hunger and thirst, which is mentioned in many places, says that she is the embodiment of "unsatisfied desires." Her status
as a widow itself is curious. She makes herself one by swallowing Shiva, an act of self-assertion, and perhaps independence.
|Sri Bagalamukhi Devi
The eighth form of Mahavidya is Sri Bagalamukhi Amman who smashes
the devotee's misconceptions and delusions by her cudgel. The name literally means “crane faced,”
which is how this goddess is sometimes depicted. She has a golden complexion and her cloth is yellow. She sits in a golden
throne in the midst of an ocean of nectar full of yellow lotuses. A crescent moon adorns her head. She holds a club in her
right hand with which she beats an enemy, while pulling his tongue out with another. This image is sometimes interpreted as
an exhibition of stambhana, the power to stun or paralyze one’s enemy into silence. This is one of the boons for which
Bagalamukhi’s devotees worship her. Other Mahavidya goddesses are also said to represent similar powers useful for defeating
enemies, to be invoked by their worshippers through various rituals.
The legend states that a demon named Madan undertook austerities
and won the boon of vak siddhi, according to which anything he said came about. He abused this boon by harassing
innocent people. Enraged by his mischief, the gods worshipped Bagalamukhi. She stopped the demon's rampage by taking hold
of his tongue and stilling his speech. Before she could kill him, however, he asked to be worshipped with her, and she relented,
That is why he is depicted with her.
Bagalamukhi maha mantram meaning is as below:
Oh Goddess, paralyze the speech and feet of all evil people. Pull their tounge, destroy
She is the goddess of black magic, of poisons. She rules over the subtle perception
which make us feel at a distance the death or misery of those we know. She incites men to torture one another. She revels
in suffering - Hindu Polytheism, Alain Danielou. This bird is thought of as the essence of deceit. As can
be seen from the hymn, she rules magic for the suppression of an enemy's gossip. These enemies also have an inner meaning,
and the peg she puts through the tongue may be construed as a peg or paralysis of our own prattling talk. She rules deceit
which is at the heart of most speech. She can in this sense be considered as a terrible or Bhairavi form
of Matrika Devi, the mother of all speech, Sri Saraswati Devi herself (Consort of the creator
God Lord Brahma).
|Sri Matangi Amman
The ninth form of Mahavidya is Sri Matangi amman who is the patron
of inner thought. She guides her devotee to the uncaused primordial sound. Matangi has a dark emerald complexion and has three
Once Parvati, seated on Shiva's lap, said to
him that he always gave her anything she wanted and that now she had a desire to visit her father. Would he consent to her
visiting her father, Himalaya, she asked? Shiva was not happy about granting her this wish but eventually
complied, saying that if she did not come back in a few days, he would go there himself to ask for her return. Parvati's mother
sent a crane to carry Parvati back to her family home. When she did not return for some days, Shiva disguised himself as an
ornament maker and went to her father's house. He sold shell ornaments to Parvati and then, seeking to test her faithfulness,
asked that she have sex with him as his payment. Parvati was outraged at the merchant's request and was ready to curse him,
but then she discerned with her yogic intuition that the ornament vendor was really her husband, Shiva. Concealing her knowledge
of his true identity, she replied: "Yes, fine, I agree. But not just now." Sometime later, Parvati disguised herself as a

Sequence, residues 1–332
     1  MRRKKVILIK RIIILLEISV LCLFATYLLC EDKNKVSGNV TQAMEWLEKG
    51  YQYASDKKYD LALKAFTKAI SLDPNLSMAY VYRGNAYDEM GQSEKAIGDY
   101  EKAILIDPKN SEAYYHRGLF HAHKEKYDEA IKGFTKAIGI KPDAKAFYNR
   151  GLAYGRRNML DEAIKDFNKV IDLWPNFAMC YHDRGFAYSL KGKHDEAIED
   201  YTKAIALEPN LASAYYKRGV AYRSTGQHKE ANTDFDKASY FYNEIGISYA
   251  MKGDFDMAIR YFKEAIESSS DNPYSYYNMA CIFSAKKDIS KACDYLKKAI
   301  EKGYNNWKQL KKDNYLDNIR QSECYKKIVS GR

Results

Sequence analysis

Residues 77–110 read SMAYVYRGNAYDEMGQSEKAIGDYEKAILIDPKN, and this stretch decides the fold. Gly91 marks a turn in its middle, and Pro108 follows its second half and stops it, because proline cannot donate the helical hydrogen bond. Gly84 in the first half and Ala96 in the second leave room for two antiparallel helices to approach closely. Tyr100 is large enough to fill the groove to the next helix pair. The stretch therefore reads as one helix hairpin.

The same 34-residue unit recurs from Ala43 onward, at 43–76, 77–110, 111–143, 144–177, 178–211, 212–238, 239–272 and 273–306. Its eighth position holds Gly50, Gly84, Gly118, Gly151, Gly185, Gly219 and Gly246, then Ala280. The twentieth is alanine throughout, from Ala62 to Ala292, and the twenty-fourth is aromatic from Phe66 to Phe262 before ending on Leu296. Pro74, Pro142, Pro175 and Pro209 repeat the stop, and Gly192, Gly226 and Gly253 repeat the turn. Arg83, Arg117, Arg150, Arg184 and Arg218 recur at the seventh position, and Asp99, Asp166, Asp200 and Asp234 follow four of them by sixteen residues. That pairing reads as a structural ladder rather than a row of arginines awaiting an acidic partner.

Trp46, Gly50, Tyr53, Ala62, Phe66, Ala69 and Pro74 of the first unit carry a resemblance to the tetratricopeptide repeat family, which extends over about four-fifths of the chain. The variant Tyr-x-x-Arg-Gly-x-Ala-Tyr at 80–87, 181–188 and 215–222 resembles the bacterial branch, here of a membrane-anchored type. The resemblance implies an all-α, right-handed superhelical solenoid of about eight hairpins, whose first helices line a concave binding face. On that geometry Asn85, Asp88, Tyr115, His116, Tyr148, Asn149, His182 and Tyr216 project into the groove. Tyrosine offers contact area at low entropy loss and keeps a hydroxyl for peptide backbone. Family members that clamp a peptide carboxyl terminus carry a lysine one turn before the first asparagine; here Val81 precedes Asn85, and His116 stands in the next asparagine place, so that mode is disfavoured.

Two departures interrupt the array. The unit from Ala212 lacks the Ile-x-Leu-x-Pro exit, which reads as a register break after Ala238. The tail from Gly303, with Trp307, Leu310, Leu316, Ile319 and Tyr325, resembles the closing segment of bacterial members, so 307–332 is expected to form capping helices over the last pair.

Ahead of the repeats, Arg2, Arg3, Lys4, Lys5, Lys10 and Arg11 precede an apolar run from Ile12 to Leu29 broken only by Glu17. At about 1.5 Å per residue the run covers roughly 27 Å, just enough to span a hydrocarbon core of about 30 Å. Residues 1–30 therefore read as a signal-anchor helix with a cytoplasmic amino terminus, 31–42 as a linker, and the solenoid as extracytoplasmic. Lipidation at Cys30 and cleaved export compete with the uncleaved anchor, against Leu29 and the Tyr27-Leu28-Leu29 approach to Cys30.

huntress and went to Shiva's home, where he was preparing to do evening prayer. She danced there, wearing
red clothes. Her body was lean, her eyes wide, and her breasts large. Admiring her, Shiva asked: "Who are you?" She replied:
"I am the daughter of a Chandala. I've come here to do penance." Then Shiva said: "I am the one who gives
fruits to those who do penance." Saying this, he took her hand, kissed her, and prepared to make love to her. While they made
love, Shiva himself was changed into a Chandala. At this Point he recognized the Chandala woman as his wife Parvati. After
they had made love, Parvati asked Shiva for a boon, which he granted. Her request was this: "As you [Shiva] made love to me
in the form of a Chandalini [Chandala woman], this form should last forever and be known as Uccishtha-matangini
(now popularly known as Matangi)."
The key to this legend is the essence of the word 'Chandala.' The Chandalas are
believed to constitute the lowest strata of the caste hierarchy in orthodox Hindu belief. Associated with death and impurity
they have always survived on the fringes of mainstream society. Derogatory in the extreme sense, The label chandala itself
has become the worst kind of slur. Thus by disguising herself as a Chandalini, Parvati assumes the identity of a very low-caste
person, and by being attracted, Shiva allows himself to be identified with her. Both deities self-consciously and willingly
associate themselves with the periphery of Hindu society and culture. The Chandala identity is sacralized therefore, in the
establishment of Goddess Matangi. This goddess summarizes in herself the polluted and the forbidden.
related to Matangi reinforces this belief. Once upon a time, Vishnu and Lakshmi went to
visit Shiva and Parvati. They gifted Shiva and Parvati fine foods, and some pieces dropped to the ground. From these remains
arose a maiden endowed with fair qualities. She asked for leftover food (uccishtha). The four deities offered
her their leftovers as prasada (food made sacred by having been tasted by deities). Shiva then said to the attractive maiden:
"Those who repeat your mantra and worship you, their activities will be fruitful. They will be able to control their enemies
and obtain the objects of their desires." From then on this maiden became known as Uccishtha-matangini. She is the bestower
of all boons.
The legend of her origin stresses Matangi's association with leftover food, which
is normally considered highly polluting. Indeed, she herself actually arises or emerges from Shiva and Parvati's table scraps.